Venue’s noise pollution makes life unbearable

Graphic by Lori Deaton

It is no major surprise that when a city becomes “hot,” investors/businesses (typically out of state) begin looking to locate with little to no interest about the impact this may have on the people who live there.

What is surprising: In 2020, one of the original downtown businesses helped by Julian Price to rejuvenate downtown Asheville, The Orange Peel, decided to open an “outdoor venue” called Rabbit Rabbit. It is in the center of a heavily occupied residential area.

For many of us who live in this area, this venue has made life unbearable due to the noise pollution (a form of air pollution) from this business. I have been informed this venue sought and received a permit to exceed noise levels. They are allowed to have a noise reading of 85 dBA (A-weighted decibels). The World Health Organization recommends decibel readings of 65 dBAs as noise pollution and 70 dBAs or less to prevent hearing loss. According to the EPA, WHO and other health organizations, in addition to hearing loss, noise pollution has also been associated with stress-related illnesses, high blood pressure, heart disease, headaches, respiratory agitation, anxiety, depression, irritability, the inability to concentrate, sleeplessness, loss of productivity and communication issues.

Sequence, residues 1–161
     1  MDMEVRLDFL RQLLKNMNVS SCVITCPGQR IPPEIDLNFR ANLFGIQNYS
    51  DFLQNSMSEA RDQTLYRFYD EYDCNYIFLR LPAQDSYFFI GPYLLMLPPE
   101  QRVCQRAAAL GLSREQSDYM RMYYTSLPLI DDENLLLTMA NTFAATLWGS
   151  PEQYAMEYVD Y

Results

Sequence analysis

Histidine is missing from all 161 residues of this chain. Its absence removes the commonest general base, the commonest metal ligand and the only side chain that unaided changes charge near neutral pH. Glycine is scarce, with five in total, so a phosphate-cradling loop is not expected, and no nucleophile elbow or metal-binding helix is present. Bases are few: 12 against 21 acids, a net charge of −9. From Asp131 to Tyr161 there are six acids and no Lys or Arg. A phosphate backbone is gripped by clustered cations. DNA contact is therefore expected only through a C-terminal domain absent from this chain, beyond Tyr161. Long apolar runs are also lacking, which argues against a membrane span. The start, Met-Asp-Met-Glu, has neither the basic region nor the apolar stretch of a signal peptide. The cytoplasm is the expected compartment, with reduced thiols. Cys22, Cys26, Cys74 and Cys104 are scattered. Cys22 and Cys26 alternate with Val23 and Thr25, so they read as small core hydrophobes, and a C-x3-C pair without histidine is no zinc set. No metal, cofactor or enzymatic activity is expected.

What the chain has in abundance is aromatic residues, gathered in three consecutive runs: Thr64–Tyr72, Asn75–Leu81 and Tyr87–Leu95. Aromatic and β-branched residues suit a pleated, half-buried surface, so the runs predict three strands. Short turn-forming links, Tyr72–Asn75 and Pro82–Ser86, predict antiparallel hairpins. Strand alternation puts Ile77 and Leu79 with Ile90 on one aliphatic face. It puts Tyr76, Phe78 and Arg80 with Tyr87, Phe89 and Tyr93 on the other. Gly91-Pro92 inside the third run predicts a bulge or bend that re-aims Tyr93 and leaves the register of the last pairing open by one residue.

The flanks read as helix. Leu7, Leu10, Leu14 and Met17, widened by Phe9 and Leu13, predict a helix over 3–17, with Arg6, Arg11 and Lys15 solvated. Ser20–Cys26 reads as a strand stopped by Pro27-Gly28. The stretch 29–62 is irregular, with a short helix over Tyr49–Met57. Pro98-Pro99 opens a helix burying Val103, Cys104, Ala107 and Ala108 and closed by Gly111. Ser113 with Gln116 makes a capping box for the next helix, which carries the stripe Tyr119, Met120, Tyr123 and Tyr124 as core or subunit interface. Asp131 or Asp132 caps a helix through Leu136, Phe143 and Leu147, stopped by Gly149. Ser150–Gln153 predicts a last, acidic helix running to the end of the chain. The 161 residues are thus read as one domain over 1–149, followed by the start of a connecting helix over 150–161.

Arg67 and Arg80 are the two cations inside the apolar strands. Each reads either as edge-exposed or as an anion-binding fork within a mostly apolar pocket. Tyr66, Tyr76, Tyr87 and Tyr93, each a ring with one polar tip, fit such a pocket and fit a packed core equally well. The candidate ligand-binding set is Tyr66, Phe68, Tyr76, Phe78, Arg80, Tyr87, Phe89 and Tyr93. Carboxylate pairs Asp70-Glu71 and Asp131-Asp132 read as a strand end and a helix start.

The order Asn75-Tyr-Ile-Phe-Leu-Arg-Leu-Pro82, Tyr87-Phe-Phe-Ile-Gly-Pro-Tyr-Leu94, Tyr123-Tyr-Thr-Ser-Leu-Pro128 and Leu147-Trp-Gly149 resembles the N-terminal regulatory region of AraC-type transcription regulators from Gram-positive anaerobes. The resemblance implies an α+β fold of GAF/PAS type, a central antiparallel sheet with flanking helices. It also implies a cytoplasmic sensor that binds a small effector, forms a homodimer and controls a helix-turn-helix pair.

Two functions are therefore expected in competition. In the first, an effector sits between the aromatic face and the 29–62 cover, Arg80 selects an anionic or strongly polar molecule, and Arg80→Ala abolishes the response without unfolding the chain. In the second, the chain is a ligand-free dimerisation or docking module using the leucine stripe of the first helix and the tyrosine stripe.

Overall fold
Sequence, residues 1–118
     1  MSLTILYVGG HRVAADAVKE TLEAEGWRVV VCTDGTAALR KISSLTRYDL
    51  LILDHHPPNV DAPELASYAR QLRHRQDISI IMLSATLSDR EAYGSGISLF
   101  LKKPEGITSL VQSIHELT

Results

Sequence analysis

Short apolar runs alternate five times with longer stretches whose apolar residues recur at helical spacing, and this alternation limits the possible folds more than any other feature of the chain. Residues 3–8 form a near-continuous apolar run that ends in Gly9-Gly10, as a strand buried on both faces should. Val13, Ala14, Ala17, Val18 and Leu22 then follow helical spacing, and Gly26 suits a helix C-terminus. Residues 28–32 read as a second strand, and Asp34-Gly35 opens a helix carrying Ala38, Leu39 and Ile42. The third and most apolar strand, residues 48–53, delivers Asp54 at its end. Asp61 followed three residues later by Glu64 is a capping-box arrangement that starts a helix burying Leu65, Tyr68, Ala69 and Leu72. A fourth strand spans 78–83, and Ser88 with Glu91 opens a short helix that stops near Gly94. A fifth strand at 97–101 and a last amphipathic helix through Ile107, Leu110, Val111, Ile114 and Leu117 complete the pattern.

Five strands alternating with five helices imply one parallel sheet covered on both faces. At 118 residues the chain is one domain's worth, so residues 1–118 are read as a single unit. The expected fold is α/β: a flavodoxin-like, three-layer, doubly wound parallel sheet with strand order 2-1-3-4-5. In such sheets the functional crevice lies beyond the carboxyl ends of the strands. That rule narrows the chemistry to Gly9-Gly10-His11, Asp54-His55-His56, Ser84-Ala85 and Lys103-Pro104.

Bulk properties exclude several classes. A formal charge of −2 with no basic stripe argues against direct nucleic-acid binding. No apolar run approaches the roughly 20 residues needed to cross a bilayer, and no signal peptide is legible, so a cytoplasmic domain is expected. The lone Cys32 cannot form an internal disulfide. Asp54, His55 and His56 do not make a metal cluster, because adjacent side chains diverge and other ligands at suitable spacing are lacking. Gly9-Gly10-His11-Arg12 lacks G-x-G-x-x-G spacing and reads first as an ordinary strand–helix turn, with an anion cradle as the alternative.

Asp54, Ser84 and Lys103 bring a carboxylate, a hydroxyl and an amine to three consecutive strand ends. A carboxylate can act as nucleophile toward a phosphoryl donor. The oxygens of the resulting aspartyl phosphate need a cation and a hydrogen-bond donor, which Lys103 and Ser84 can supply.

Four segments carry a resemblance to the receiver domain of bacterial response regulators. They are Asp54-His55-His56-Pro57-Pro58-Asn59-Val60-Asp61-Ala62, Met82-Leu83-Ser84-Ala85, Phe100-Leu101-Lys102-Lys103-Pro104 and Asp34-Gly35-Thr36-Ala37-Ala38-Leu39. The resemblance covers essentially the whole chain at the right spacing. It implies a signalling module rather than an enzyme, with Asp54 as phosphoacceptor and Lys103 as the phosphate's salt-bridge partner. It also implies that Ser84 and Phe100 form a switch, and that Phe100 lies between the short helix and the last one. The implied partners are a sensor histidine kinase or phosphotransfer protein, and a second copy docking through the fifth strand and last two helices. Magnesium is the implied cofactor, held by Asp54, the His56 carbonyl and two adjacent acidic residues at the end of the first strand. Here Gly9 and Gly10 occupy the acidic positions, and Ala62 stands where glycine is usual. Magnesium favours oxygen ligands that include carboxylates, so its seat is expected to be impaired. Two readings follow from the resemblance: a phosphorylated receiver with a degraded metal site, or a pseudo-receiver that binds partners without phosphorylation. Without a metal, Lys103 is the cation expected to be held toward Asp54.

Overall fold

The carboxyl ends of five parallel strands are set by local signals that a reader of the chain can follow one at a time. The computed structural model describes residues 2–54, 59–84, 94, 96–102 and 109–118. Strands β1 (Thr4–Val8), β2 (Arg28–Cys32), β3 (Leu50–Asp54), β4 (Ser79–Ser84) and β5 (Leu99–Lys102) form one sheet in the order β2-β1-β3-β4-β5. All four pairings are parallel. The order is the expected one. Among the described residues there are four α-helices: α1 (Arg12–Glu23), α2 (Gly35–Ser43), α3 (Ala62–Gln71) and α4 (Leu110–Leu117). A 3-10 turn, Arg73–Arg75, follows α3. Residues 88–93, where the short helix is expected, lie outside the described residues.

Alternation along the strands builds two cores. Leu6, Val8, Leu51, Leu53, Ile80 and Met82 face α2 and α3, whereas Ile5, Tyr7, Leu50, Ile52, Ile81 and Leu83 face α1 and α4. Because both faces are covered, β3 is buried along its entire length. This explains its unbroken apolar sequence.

I am uncertain if, as part of the excess noise approval process, input was sought by the community impacted by this venue. No one I know was notified concerning the application or asked to provide feedback on the impact it may have these past three years. I have filed complaints regarding the noise, which results in a phone call letting me know they have not exceeded their noise variance — at street level.

As a longtime downtown resident, I must leave my home and impose on friends each time this venue has a concert because of the noise in my home. I can’t be in my home and watch television, listen to music or even have friends over the days they have concerts. During the summer and fall, I have to leave my home between one and two times a week. The week of June 12, I had to leave my home three nights.

I have read a good deal about Julian Price. According to one of the articles I read, he “envisioned a livable community,” a community of businesses and downtown residences supporting each other. I’m not feeling very supported by this local business.

— Mickey Randolph